Chiune Sugihara Saved Thousands of Jews during World War II, Without Defying His Government

On the eve of the German invasion of the Soviet Union, the Japanese diplomat Chiune Sugihara wrote thousands of visas for Polish Jews, allowing them to escape to the Far East and thus avoid Hitler’s grasp. Since his heroic actions began receiving public attention in the late 1960s, the facts about his story have gotten mixed up with a number of myths. Amanda Borschel-Dan seeks to set the record straight:

Today, Sugihara is lauded internationally as an anti-establishment figure who went against the orders of [authoritarian] Japan to save the Jews. According to this narrative, after eighteen months of dire Soviet captivity in Romania starting in 1944, he returned to Japan and in 1947 was fired by the Foreign Ministry for his deeds. [As a result], he lost his pension and died in poverty. However, say historians and his sole surviving son, almost none of this is true.

Born in 1900, during his short stint in 1939-40 as the Japanese vice-consul to Kovno (today Kaunas) in Soviet-occupied Lithuania, Sugihara is credited with issuing up to 3,500 transit visas to Jewish refugees and families who had fled Nazi-occupied Poland. . . . With these visas, and a complex mechanism of aid from other consuls, companies, and individuals, up to 10,000 Jews are thought to have been saved. . . .

[The Japanese government had] sent Sugihara to Kovno where, using his Russian language skills, he was to report back to Japan about any German or Soviet military movement in the area, which would allow Japan time to move its troops. In short, like every wartime attaché, he was a diplomatic spy.

But Sugihara never defied any orders. He reported regularly on his rescue activities, even if he engaged in some creative stalling and bureaucratic maneuvers to carry them out. His subsequent diplomatic postings in other European cities suggest that he was on a successful career path; the Japanese foreign service fired him in 1948 due only to a U.S.-initiated reorganization.

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Jerusalem’s Economic Crisis, Its Arabs, and Its Future

Oct. 18 2018

The population of Israel’s capital city is 38-percent Arab, making Arab eastern Jerusalem the largest Arab community in the country. Connected to this fact is Jerusalem’s 46-percent poverty rate—the highest of any Israeli municipality. The city’s economic condition stems in part from its large ultra-Orthodox population, but there is also rampant poverty among its Arab residents, whose legal status is different from that of both Arab Israelis and Palestinians in the West Bank. Haviv Rettig Gur explains:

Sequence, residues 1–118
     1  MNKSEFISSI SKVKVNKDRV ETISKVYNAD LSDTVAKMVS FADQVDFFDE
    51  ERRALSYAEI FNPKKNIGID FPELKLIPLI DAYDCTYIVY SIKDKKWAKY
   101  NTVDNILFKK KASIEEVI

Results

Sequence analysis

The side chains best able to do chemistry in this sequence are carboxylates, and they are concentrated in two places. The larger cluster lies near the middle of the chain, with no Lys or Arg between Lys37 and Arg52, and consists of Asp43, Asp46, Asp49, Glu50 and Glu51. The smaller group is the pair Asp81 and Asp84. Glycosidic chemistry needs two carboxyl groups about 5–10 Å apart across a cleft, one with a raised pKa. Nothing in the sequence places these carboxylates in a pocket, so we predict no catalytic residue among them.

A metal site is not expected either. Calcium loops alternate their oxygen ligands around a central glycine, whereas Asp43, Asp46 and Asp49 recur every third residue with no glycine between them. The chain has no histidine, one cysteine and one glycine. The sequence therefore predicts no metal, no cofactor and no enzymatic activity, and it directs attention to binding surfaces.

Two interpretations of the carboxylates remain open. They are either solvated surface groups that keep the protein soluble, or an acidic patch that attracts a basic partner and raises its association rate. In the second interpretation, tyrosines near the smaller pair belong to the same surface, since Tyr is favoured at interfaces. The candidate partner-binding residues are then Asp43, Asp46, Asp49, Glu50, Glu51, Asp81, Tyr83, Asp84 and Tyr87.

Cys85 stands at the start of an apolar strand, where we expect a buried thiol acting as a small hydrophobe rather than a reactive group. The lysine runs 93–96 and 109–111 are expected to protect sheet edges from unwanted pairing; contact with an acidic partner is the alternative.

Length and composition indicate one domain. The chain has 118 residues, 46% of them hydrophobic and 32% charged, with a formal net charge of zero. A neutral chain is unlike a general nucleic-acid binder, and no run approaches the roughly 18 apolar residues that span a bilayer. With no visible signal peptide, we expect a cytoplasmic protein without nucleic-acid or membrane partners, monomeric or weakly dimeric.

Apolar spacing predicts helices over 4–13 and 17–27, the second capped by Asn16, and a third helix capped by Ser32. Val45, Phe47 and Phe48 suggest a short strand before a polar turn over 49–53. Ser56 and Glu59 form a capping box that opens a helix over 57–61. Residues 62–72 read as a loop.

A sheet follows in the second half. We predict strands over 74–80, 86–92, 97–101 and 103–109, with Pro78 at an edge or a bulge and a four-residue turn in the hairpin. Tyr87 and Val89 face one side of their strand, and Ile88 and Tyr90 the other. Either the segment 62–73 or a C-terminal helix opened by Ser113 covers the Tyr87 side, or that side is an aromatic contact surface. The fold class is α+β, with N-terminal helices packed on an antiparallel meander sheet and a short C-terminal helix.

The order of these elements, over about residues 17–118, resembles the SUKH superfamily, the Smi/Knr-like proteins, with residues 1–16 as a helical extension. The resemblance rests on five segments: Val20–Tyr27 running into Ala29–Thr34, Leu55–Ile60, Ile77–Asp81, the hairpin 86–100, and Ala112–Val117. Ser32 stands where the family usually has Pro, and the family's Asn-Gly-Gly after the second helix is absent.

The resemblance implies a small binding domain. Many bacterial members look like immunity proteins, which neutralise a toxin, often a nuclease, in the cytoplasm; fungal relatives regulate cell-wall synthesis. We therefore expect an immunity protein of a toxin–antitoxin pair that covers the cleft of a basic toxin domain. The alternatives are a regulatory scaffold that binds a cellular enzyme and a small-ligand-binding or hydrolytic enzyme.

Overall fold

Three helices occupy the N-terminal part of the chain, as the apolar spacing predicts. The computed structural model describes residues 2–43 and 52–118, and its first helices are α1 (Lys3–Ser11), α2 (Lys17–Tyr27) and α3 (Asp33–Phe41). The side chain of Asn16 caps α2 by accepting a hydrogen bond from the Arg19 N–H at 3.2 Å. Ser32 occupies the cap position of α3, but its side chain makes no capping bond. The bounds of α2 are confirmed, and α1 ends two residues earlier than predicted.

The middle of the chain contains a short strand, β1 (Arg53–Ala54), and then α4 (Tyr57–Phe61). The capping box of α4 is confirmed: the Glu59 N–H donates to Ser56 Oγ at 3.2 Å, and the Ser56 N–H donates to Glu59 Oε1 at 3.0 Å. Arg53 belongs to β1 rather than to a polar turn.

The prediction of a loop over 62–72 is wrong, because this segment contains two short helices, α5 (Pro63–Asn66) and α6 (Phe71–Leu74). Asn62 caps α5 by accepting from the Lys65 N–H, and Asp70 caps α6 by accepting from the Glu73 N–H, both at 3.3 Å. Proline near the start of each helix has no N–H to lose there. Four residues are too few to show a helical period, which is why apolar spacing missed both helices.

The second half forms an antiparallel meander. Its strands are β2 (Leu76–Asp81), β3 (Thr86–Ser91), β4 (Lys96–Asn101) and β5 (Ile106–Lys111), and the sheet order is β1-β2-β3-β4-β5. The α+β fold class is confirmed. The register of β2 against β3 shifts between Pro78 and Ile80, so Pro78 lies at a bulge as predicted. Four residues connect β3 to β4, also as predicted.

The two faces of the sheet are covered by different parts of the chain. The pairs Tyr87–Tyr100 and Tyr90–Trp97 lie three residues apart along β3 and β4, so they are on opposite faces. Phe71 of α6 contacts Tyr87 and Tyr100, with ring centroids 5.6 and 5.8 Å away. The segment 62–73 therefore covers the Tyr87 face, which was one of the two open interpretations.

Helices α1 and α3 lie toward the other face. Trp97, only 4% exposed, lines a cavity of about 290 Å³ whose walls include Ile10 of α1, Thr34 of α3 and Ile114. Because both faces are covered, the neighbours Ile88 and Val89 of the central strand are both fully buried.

Jerusalem’s Arab inhabitants are not Israeli citizens—in part because Palestinian society views acceptance of Israeli citizenship, [available to any Arab Jerusalemite who desires it], as acceptance of Israeli claims of sovereignty over the city, and in part because Israel is not eager to accept them, even as it formally views itself as having annexed the area. Nevertheless, they have a form of permanent residency that, unlike West Bank Palestinians, allows them unimpeded access to the rest of Israel. . . .

There are good reasons for this poverty among eastern Jerusalem’s Arabs, rooted in the political trap that has ensnared the Arab half of the city and with it the rest of the city as well. Right-wing Israeli political leaders have avoided investing in Arab eastern Jerusalem, fearing that such investments would increase the flow of Palestinians into the city. Left-wing leaders have done the same on the grounds that the Arab half would be given away in a future peace deal.

Meanwhile, eastern Jerusalem’s complicated situation, suspended between the Israeli and Palestinian worlds, means residents cannot take full advantage of their access to the Israeli economy. For example, while most Arab women elsewhere in Israel learn usable Hebrew in school, most Arab schools in eastern Jerusalem teach from the Palestinian curriculum, which does not offer students the Hebrew they will need to find work in the western half of the city. . . .

It is not unreasonable to argue that Jerusalem cannot really be divided, not for political reasons but for economic ones. If Jerusalem remains a solely Israeli capital, it will have to integrate better its disparate parts and massively develop its weaker communities if it hopes ever to become solvent and prosperous. Arabs must be able to find more and better work in Jewish Jerusalem—and in Arab Jerusalem, too. Conversely, if the city is divided into two capitals, that of a Jewish state and that of a Palestinian one, that won’t change the underlying economic reality that its prosperity, its capacity to accommodate tourism and develop efficient infrastructure, and its ability to ensure access for all religions to their many holy sites, will still require a unified urban space.

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More about: Israel & Zionism, Israeli Arabs, Israeli economy, Jerusalem